We’re on our travels (London) so it’s just a quick round-up this morning. Still, there’s plenty of good stuff to read, from the technicalities of yeast to the significance of pottery.
First, a potentially interesting resource is emerging at Laura Hadland’s website – a directory of sustainable, ethical brewing companies in the UK. In the wake of recent campaigns against sexism and bullying, various people have been asking “But who should I buy from?” This attempts to answer that question. What will be especially interesting, we suppose, is whether people pipe up now to say, “Er, actually, that brewery might not be so squeaky clean…”
Throughout the pandemic, we’ve enjoyed Mark Johnson’s reflections on pubs under varying degrees of restriction. He has a knack for honestly interrogating his own feelings and reporting from the gut. In his latest piece, he reflects on his first trip to the pub in the wake of the removal of restrictions:
I enter the pub, walk up to the bar area for the first time since March 2020, order a beer, go to take a seat and then just… stay. Stood up. Still a reasonable distance from any staff. Pint resting on the bar. And I’m just there. No drama. No feeling of trepidation. No reticence from staff. Just having a pint in a pub… For somebody who can over-romanticise much about beer drinking, nothing about the action felt monumental. It felt noteworthy but undramatic.
Eoghan Walsh’s mission to record the history of Brussels’ beer in 50 objects has reached number five: The Coudenberg Cruche. That is, a chipped old jug:
Charles V, Holy Roman Emperor, King of Spain, Lord of the Netherlands, and patron of rapacious conquistadors. Charles would start his days in Brussels with a warm beer, and go from there. Breakfast of fowl at five in the morning, then mass. A 20-course noonday lunch of game from the nearby Warande hunting grounds, and heaps of oysters, eel pies and anchovies. More anchovies at eight, and a midnight supper… Charles would wash it all down with lashings of chilled beer (or wine) – particularly beer from Mechelen, where he grew up – served from ceramic jugs into his four-handled mug. With this diet, it is no surprise gluttonous Charles regularly suffered debilitating attacks of gout.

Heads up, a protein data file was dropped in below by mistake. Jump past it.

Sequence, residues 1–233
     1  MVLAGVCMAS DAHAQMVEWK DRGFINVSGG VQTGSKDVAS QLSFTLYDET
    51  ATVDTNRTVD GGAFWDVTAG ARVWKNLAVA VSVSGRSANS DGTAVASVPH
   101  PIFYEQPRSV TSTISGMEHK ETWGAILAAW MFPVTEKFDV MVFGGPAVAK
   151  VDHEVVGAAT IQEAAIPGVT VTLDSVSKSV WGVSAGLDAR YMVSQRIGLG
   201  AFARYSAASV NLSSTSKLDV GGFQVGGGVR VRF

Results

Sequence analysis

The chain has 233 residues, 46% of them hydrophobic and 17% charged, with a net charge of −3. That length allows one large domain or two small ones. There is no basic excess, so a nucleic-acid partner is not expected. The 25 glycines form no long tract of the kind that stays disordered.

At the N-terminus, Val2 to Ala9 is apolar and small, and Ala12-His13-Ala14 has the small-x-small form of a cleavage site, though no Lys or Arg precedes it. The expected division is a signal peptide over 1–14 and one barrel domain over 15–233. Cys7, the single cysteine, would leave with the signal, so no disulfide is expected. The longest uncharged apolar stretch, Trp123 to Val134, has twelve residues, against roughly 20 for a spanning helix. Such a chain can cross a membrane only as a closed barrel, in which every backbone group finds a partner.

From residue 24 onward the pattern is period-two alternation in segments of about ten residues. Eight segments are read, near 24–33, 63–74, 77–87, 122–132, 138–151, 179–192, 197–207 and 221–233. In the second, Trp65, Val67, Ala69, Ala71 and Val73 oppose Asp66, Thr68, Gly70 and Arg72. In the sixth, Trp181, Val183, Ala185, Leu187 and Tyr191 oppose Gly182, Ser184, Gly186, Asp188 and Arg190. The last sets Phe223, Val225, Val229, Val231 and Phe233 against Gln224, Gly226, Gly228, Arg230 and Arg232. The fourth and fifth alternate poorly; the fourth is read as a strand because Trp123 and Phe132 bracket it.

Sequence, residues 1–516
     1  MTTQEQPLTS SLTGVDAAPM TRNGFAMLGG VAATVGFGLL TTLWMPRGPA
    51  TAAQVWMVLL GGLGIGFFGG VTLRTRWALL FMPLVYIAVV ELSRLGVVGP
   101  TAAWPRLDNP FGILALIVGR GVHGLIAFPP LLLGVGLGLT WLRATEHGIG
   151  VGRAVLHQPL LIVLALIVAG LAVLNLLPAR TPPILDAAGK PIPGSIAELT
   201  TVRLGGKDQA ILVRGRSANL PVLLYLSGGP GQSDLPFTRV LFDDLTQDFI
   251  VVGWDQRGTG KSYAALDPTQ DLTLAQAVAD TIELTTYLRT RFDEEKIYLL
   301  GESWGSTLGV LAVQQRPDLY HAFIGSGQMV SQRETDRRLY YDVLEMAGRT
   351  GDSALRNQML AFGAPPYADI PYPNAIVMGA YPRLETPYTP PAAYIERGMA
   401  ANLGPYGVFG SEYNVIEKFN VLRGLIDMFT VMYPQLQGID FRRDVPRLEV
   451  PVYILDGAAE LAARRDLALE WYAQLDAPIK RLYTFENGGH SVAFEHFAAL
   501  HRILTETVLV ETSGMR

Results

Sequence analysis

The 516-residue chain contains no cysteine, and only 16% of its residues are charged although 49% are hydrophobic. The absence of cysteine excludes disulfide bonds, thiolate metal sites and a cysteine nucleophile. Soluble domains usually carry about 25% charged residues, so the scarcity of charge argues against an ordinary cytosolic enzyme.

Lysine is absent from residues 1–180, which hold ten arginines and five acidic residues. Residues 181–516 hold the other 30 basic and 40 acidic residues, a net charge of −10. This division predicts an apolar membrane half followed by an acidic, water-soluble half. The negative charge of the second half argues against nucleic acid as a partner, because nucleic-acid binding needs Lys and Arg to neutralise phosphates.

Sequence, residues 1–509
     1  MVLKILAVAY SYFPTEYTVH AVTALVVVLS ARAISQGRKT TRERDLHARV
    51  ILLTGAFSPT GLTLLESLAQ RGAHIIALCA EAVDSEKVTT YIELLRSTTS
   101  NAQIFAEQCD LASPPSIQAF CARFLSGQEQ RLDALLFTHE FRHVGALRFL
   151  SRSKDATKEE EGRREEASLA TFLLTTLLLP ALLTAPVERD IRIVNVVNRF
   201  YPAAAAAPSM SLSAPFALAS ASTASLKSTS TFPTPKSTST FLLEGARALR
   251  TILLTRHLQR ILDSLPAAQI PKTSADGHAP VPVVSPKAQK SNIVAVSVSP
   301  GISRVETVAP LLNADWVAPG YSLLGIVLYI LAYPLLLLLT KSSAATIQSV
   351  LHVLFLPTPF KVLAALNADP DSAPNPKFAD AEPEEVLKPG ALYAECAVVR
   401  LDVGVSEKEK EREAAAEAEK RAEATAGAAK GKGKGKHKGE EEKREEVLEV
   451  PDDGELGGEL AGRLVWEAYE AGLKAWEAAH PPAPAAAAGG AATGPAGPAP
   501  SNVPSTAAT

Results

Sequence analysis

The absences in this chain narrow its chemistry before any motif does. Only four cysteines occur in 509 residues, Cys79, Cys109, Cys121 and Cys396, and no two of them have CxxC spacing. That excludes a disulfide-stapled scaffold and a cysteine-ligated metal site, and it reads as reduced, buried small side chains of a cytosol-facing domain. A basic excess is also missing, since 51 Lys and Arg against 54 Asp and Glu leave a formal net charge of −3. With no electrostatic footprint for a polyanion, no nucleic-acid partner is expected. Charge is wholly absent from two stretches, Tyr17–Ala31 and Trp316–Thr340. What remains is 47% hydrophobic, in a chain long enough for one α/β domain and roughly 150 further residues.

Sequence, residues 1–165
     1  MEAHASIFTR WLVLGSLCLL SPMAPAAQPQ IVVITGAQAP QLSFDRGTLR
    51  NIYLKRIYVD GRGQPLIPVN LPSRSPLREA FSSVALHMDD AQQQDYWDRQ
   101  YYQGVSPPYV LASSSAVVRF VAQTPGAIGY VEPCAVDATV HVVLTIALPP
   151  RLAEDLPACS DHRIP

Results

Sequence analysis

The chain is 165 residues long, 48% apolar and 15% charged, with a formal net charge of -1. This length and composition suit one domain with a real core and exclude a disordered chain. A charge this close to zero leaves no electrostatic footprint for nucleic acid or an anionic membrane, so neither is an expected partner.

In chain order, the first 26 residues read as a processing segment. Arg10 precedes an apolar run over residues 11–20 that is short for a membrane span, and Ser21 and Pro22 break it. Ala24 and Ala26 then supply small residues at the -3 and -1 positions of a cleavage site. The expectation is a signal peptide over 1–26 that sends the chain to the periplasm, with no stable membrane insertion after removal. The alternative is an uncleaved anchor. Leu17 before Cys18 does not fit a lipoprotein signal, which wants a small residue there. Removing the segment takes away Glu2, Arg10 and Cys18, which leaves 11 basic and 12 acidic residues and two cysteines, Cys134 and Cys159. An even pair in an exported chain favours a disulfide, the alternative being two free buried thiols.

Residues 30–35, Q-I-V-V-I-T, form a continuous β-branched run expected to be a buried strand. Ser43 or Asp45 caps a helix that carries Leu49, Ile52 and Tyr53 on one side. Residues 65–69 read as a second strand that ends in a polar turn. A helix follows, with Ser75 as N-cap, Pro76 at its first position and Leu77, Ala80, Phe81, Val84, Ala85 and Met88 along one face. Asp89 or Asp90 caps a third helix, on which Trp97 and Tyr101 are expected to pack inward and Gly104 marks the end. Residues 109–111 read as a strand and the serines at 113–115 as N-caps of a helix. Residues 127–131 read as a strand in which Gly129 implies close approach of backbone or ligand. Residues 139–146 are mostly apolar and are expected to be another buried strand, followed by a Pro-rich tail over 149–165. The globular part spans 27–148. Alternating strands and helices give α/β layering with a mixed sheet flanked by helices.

We’ll be honest – some of this goes over our heads – but Lars Marius Garshol’s attempts to explain the science behind why Kveik is a ‘super yeast’ gets it closer to our heads than most writers could manage:
When I say kveik is unusually robust, what do I actually mean? It can handle higher temperatures than most yeasts. It has higher alcohol tolerance (13-16%) than most yeast (8-10%). It can be dried (that’s unusual). Richard once remarked that kveik dried by farmhouse brewers at home was in many cases healthier after rehydration than dried yeast from multi-billion-dollar companies. It can be frozen (also unusual). It can probably handle higher sugar concentrations than most yeasts (not documented, but I’m pretty sure it’s the case). It can be stored for longer than most yeasts.
At Craft Beer & Brewing Annie Johnson offers tips on brewing saison with extracts:
A typical all-grain grist might consist of 100 percent pilsner malt, or it may include portions of wheat, spelt, or other grains. (What did the farm have for surplus that season?) For our purposes, a straight pilsner-malt extract, or pilsner extract with a bit of Munich for color, plus flaked, malted, or torrefied grains such as oats, spelt, or wheat work nicely. Other options include rye, corn, or rice—but keep in mind that you can’t use corn grits or ground rice unless they’re pre-gelatinized. You can use a cereal cooker for that; otherwise, be sure to get the flaked versions. However, don’t over-complicate the mash bill—this is not a kitchen-sink beer.
We’ll admit that this leapt out to us because we haven’t brewed for years but, having moved into our own place, the temptation is rising – and extract brewing would make it a lot less time consuming. Maybe soon.
At Lior Locher’s Beer Musings, Lior Locher offers a small, lyrical piece about growing up around the smell of hops:
Hops smell like home. Like summer holidays. Like barbecues. Like stories from aunties and uncles. Smells allow us to bypass our rational mind altogether as memories and clusters of feelings emerge. Walkaround full-body polaroids.
Finally, from Twitter…
For more good reading check out Alan McLeod’s round-up from Thursday.